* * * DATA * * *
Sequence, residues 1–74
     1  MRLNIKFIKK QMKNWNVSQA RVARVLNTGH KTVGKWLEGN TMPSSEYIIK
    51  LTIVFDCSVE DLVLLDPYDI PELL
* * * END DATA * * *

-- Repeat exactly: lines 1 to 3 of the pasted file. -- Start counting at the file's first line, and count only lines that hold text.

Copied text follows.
Sequence, residues 1–74
     1  MRLNIKFIKK QMKNWNVSQA RVARVLNTGH KTVGKWLEGN TMPSSEYIIK
    51  LTIVFDCSVE DLVLLDPYDI PELL